Louise Bourgeois - Editions & Works on Paper New York Tuesday, April 16, 2024 | Phillips
  • “Spirals are a plea. Today I am No. 1 personality... tomorrow, I am No. 2. They are a plea to be accepted with many different moods... a plea for love.”
    —Louise Bourgeois 
    Within Louise Bourgeois’s overall investigation of abstract motifs, the spiral holds a distinct place, recurring across her oeuvre. The spiral manifests in segmented wood sculptures of the 1950s, a plaster, tomb-like mound from the 1960s, a hanging bronze sculpture in the 1980s, and in a 1990 performance piece She Lost It, in which Bourgeois wrapped and unwrapped performers in a spiraling gauze banner measuring nearly 200 feet long. 


    Bourgeois’ earliest encounter with the spiral form occurred in childhood, watching workers in her family’s tapestry restoration business wash tapestries in the river then fiercely wring them out, a memory Bourgeois has described as morphing into a visually parallel fantasy of wringing the neck of someone she despised. The spiral continued to function as a visual metaphor for a range of Bourgeois’ varying emotions across her life and the strategy she evolved to be tolerated, accepted and loved despite her oscillating moods. 

    “The spiral is an attempt at controlling the chaos.”
    —Louise Bourgeois  

    Bourgeois stressed the spiral’s two opposing directions: inward and outward. The outward movement represented “giving, and giving up control, trust and positive energy….” While the winding in of the spiral embodied “a tightening, a retreating, a compacting to the point of disappearance.” She said, “You can get twisted and strangled by your emotions.” Always reflecting her volatile temperament, Bourgeois’s spirals are endlessly variable—as coils of tension, protective cocoons, and even entrapping spider webs.

    • Literature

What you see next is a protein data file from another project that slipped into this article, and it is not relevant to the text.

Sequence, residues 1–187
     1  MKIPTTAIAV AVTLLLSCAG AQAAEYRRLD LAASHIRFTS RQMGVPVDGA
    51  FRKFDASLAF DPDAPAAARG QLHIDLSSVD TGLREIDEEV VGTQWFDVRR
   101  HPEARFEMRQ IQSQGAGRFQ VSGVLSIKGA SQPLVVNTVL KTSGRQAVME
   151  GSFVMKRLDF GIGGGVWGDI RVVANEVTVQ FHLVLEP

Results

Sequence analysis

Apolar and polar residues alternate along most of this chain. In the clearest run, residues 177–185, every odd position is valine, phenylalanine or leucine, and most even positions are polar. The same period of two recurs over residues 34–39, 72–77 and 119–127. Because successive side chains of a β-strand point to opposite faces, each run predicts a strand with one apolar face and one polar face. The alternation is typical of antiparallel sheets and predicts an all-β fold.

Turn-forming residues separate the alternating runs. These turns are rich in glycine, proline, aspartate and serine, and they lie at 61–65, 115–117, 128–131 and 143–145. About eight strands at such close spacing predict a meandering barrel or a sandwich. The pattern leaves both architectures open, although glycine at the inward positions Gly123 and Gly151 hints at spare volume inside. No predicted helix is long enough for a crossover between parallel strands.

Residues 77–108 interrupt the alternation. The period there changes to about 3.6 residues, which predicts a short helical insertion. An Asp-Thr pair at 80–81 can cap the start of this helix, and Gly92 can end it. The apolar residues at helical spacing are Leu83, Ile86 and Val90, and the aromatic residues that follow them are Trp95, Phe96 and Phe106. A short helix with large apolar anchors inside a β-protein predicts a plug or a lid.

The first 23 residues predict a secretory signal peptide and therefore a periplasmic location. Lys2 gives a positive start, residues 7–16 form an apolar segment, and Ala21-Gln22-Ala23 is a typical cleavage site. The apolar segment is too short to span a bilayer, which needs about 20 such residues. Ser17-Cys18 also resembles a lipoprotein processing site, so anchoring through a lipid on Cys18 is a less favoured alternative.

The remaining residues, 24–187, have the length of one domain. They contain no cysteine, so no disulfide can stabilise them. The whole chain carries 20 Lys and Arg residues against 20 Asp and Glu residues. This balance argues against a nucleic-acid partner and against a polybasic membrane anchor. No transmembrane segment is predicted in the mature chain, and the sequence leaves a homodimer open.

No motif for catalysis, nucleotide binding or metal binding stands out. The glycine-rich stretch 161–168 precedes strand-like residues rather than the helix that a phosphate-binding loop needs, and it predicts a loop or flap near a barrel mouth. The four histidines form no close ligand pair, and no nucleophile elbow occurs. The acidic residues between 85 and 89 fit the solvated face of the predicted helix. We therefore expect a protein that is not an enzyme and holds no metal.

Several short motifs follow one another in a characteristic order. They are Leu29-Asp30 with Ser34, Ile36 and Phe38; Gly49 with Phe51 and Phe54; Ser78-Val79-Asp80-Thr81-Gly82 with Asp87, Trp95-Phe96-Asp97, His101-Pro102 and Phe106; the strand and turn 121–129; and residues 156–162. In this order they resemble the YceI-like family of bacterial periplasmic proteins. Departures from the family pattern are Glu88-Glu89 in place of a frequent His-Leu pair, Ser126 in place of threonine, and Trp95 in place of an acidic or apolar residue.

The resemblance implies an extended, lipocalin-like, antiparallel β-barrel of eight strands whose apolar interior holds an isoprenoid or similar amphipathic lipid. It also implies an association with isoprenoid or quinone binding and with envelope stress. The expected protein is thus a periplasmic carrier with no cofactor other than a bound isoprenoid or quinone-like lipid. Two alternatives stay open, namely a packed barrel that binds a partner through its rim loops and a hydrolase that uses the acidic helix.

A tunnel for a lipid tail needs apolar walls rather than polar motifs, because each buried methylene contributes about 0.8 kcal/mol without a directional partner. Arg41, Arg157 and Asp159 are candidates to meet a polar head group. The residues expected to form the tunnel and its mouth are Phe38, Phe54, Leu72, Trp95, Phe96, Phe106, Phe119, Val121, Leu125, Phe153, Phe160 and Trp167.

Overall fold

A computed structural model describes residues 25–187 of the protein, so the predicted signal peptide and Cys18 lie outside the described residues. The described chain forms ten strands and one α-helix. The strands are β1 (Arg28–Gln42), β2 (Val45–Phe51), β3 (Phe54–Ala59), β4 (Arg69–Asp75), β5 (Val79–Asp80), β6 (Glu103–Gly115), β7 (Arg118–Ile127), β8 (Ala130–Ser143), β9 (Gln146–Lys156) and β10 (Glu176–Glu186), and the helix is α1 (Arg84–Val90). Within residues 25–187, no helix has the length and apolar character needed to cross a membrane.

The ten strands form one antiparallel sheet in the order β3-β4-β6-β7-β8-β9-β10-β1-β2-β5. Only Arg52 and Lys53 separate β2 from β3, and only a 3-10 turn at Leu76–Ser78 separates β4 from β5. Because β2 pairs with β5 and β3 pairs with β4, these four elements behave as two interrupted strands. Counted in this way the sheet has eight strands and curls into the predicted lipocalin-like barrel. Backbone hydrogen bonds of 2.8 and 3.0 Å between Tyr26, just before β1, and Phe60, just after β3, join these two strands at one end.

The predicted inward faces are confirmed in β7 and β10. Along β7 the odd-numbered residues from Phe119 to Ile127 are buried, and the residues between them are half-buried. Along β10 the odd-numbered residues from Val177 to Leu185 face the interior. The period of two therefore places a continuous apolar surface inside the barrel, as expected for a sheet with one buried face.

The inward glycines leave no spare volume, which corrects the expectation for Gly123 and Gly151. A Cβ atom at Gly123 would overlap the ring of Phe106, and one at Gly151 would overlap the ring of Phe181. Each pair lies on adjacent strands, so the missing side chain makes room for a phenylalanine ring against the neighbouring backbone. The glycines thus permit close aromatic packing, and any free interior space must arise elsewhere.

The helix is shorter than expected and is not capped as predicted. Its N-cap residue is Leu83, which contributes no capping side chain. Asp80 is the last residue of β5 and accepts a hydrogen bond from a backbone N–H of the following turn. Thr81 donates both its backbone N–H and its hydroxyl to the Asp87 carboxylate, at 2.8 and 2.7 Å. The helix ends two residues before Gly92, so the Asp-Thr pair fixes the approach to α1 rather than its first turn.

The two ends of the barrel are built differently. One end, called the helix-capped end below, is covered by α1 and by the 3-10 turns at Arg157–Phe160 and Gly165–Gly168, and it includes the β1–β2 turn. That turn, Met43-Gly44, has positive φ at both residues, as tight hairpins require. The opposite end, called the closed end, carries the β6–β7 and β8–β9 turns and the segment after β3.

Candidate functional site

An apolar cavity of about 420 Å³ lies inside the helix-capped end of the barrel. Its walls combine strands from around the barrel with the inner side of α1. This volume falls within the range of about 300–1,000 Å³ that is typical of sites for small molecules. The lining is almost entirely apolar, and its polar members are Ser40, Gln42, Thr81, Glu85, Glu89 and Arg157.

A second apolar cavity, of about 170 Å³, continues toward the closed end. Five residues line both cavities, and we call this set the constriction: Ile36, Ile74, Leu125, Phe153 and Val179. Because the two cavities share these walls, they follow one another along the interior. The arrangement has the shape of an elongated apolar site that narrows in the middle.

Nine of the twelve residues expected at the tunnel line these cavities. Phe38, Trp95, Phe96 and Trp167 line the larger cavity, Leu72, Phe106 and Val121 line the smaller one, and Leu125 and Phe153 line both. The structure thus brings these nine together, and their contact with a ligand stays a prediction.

Museum of Modern Art Cat. No. 1056

    • Artist Biography

      Louise Bourgeois

      French-American • 1911 - 2010

      Known for her idiosyncratic style, Louise Bourgeois was a pioneering and iconic figure of twentieth and early twenty-first century art. Untied to an art historical movement, Bourgeois was a singular voice, both commanding and quiet.

      Bourgeois was a prolific printmaker, draftsman, sculptor and painter. She employed diverse materials including metal, fabric, wood, plaster, paper and paint in a range of scale — both monumental and intimate. She used recurring themes and subjects (animals, insects, architecture, the figure, text and abstraction) as form and metaphor to explore the fragility of relationships and the human body. Her artworks are meditations of emotional states: loneliness, jealousy, pride, anger, fear, love and longing.

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Ambition (MoMA 1056)

Drypoint, on wove paper, with full margins.
I. 5 x 7 in. (12.7 x 17.8 cm)
S. 14 x 19 1/2 in. (35.6 x 49.5 cm)

Unsigned, one of four known impressions, printed by Harlan & Weaver, New York, unpublished, framed.

Full Cataloguing

$3,000 - 5,000 

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Editions & Works on Paper

New York Auction 16 - 17 April